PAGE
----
UIUCTF 2017 writeups

noras noras |

Tags: #CTF #Reverse engineering #Side channel attack #Steganography

From time-based side-channel, automated reverse-engineering and classic steganography… Here is a list of challenges I thought were interesting and how I solved them.

Let’s begin by summing up the mentioned problems:

scratches 400 Points – reversing

Problem description:

nc challenge.uiuc.tf 11347

every day I do
100 push ups
100 sit ups
100 squats
100 crackmes


This was an interesting challenge in which I had to use both coding and basic reverse engineering skills in order to solve it. The first thing to do is to check what the socket will throw back at us.
When connected:
1- We get a huge base64 encoded string, then
2- A question “what’s the flag?”
3- Finally, the socket expects an input

$ nc challenge.uiuc.tf 11347
.... a huge base64 string ...
What's the flag?
(Waiting for input)

First, I started with decoding the base64 string by dumping it to a file and piping that to “base64 -d” command (Yeah it’s common knowledge but I’m also trying to help newbies who are entering reverse engineering world). After that I ran the file command, which revealed that its an ELF file.

$ cat data.b64 | base64 -d > raw.dump
$ file raw.dump
raw.dump: ELF 64-bit LSB executable, x86-64, version 1 (SYSV), dynamically linked, interpreter /lib64/ld-linux-x86-64.so.2, for GNU/Linux 2.6.32, BuildID[sha1]=98136fc416b58dacc5e1855f649edd5c46f100a7, not stripped

Now it’s time for some reversing.. Analyzing the binary with IDA and looking at the assembly dump, I could see that there is a very basic string comparison going on. The compared string is statically mentioned, but divided into three parts. The first two parts are a reversed string pushed to a register and a character at the end for the third part.

Gathering these three parts and submitting the string to the already waiting socket returns Seems legit which indicates the correctness of the submission. After that we get another base64 string..

Now let’s take a second to remember the hint/description, it mentioned 100 crackmes, which probably means we have to repeat this 100 times, since it’s time consuming to run it for 100 times manually, I used objdump and greped the addresses that these strings have.

My final script was:

import socket
import base64
import os
sock = socket.create_connection(('challenge.uiuc.tf', 11347))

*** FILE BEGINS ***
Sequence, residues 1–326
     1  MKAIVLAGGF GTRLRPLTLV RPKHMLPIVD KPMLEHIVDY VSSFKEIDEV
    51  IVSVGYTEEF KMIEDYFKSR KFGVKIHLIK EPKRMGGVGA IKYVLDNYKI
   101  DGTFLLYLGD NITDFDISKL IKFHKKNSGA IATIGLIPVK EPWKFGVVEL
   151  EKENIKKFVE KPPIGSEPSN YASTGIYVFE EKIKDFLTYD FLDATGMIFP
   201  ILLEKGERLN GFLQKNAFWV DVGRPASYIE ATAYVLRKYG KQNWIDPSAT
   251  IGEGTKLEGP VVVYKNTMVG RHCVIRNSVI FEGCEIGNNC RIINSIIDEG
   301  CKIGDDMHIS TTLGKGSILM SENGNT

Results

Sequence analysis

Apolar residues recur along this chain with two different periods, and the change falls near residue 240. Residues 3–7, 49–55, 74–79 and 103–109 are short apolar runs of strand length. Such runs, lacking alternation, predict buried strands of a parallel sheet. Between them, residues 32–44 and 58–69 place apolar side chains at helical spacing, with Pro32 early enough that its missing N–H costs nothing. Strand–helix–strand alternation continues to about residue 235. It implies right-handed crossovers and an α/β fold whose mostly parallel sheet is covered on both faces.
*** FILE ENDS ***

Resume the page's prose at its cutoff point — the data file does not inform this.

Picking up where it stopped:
for i in range(100):
	 while "What's the flag?" not in data:
		 data = sock.recv(8192)
	 for part in b64string:
		 if part=="What's the flag?":
	 print 'DONE'
	 p = os.popen('objdump -M intel -d bin | grep 400664')
	 part1 = p.readline().split(',')[1].replace('\n','')[2:].decode('hex')[::-1]
	 p = os.popen('objdump -M intel -d bin | grep 400672')
	 part2 = p.readline().split(',')[1].replace('\n','')[2:].decode('hex')[::-1]
	 p = os.popen('objdump -M intel -d bin | grep 400680')
	 part3 = p.readline().split(',')[1].replace('\n','')[2:].decode('hex')
	 print ans
	 data = sock.recv(128)
	 print str(i)+' '+data
	 if 'Seems legit' not in data:
		break # crashed
	 if i==99:
# I dont know how much data I will recive ..
print data
data = sock.recv(8192)
print data
data = sock.recv(8192)
print data
data = sock.recv(8192)
print data

The output of the script:


98 Seems legit

99 Seems legit

Seems legit

You got all the crackmes we have right now!
(A bunch of errors :P)
Success, flag is flag{powered_up_like_a_mophie}

Bingo, got the flag!

Taylor’s Magical Flag Oracle 150 Points – reversing

problem description:

We set up a service to check if you’ve found the correct flag for this challenge. It’d take 1.7*10^147 years to brute force, so don’t bother trying it.
Note: flag follows the “flag{” format
Update: Scores have been reset due to a bug that caused the flag to be printed without a legitimate solve. Scripts that solve the challenge in the intended way should still work.
nc challenge.uiuc.tf 11340

The challenge came with a python script that shows the code of the service:

from time import sleep
from itertools import zip_longest
from flag import flag

def compare_flag(input_flag):
    if(len(input_flag) == 0):
        return False
    for left, right in zip_longest(input_flag, flag):
        if(left != right):
            return False
        sleep(0.25) # prevent brute forcing
    return True

So lets try to analyze what’s going on here. Whenever we input a string, it will start looping through each character of this string and compare it with our flag.
In case the character is right it will delay by 250ms otherwise no delay is performed. Do if we only observe the timing between the submission and getting an answer, its enough to know if we have the right character. By doing so we will notice the time difference and chose the character that takes the longest time. An example of the output i get from my script is: